But theoretically couldn’t I be spending something like $25K a month on a mortgage and still have plenty of cushion? I would never do that (although around here even that amount would not get nearly as big of a house as you might think). But that would allow me to buy more house than any of those rules of thumb would suggest.
Does that make sense?
$700k/yr = $58k/mo.
$58k * 28% = 16k/mo of house mortgage
That’s ~ $3m of house mortgage at 30yr/4.5%.
All good stuff here!
I am a small fish. I still rent, we are a couple with no kids yet. Salary is 95k, single earning family. Rented for 5 years now. Plan to buy a townhome. In my area it is <200k. So 20% downpay is 40k + closing costs. I currently have 50k in savings. So didn't want to risk it yet.
I could have bought a townhome 4 years ago, but didn't have enough for downpay at that time. Although few argued to put down as low as 5%. But I decided to rent it as I wasn't sure if I wanted to stay here or move jobs.
My wife and I live in a medium sized midwest metro area. Our criteria for purchasing a house last year was based more on how comfortable we were making the payment instead of a calculation but it ended up being approximately 25% of our net pay. We could probably have afforded more but it doesn’t do a person any good if they are uncomfortable writing the check every month. We didn’t follow the rules about a 20% down payment but we did put down 5%. It was nearly intolerable living with family any more (3 years of that…) since we had previously owned a condo for 5 years. Stashing away 20% – even using my wife’s entire salary – would have taken another 18 months since 2 of those 3 years were on one income.
spend as little as possible and don’t get caught in the trap of thinking your house is an asset. It is only an asset if it is being rented out and making you money. Otherwise it is a cost to you for having a place to live. yeah those are some small towns and backwoods places. I paid like 4x gross salary for the house I’m in now but as the salary increases it is like now only 2x so that is a good thing.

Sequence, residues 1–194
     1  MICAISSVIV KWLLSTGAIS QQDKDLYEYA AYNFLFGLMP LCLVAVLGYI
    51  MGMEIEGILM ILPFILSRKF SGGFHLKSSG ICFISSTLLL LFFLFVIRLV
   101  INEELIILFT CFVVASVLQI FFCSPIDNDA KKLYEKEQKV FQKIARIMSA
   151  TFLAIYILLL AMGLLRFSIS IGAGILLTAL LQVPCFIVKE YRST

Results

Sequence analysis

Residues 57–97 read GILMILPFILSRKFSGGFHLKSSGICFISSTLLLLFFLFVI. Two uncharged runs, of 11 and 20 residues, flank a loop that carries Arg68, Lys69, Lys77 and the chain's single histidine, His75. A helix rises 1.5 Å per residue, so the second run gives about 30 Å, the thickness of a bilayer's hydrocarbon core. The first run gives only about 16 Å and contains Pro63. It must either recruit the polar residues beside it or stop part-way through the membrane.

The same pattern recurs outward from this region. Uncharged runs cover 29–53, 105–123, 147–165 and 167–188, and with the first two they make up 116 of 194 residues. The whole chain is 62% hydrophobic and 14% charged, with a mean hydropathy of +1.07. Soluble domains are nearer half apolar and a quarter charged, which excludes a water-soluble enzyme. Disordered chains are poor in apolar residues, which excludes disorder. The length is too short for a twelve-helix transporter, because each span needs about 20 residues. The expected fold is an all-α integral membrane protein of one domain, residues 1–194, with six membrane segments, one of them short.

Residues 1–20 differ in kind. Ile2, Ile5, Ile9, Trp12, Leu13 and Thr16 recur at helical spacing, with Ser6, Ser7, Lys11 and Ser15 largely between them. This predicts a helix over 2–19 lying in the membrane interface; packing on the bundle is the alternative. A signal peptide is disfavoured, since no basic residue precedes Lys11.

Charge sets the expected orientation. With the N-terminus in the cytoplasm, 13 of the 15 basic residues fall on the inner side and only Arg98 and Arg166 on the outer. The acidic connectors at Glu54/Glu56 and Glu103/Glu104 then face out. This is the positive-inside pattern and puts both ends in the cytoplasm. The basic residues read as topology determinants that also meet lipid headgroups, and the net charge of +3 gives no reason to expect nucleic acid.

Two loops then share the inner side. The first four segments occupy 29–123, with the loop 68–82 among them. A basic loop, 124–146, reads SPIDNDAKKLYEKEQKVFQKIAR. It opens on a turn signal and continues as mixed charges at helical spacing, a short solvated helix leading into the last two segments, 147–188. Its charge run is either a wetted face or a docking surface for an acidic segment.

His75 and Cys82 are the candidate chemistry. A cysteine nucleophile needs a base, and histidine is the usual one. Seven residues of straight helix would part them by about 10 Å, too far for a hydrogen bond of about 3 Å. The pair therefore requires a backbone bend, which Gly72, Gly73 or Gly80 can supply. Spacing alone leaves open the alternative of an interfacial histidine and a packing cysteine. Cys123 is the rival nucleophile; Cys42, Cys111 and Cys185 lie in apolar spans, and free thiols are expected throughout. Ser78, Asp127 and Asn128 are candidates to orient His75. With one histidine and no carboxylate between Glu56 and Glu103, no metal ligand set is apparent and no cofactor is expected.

I agree that a house is not an asset. It does not make you money. For that reason, I would not put a large down payment to purchase a house. I would not want to be house rich and cash poor. To many things can go wrong within a 15 to 30 years period, which is the life of most mortgages. As your salary increases you can always put more money on the mortgage.
The millionaire next door. says
Great site. Great discussion. I remember you from the old blog as well.
I am in the camp that thinks debt has its place but only when used conservatively. Debt can be helpful but more often than not it is a burden. Not a blessing.
For a home- 20% down is a must. The size of the loan must not impair your ability to save for retirement. Retirement has no available loans — you are on your own. If you get to retirement without significant savings- you are screwed. That should be everyone’s first priority.
If that is on track and you are otherwise properly saving and have a decent net worth so that the 20% down on the home is not more than 20% of your net worth. Then you can safely take the plunge.
My other rule is that you should never take a loan that extends into your retirement years. You want to retire debt free. 50 year old people have no business taking 30 year mortgages. Don’t let anyone tell you otherwise.
Three years ago with an income of $100k, we bought a house for $350k and put enough down to only borrow $260k. Now, our income is $150k and we still owe $212k and the house is now worth $440-450k.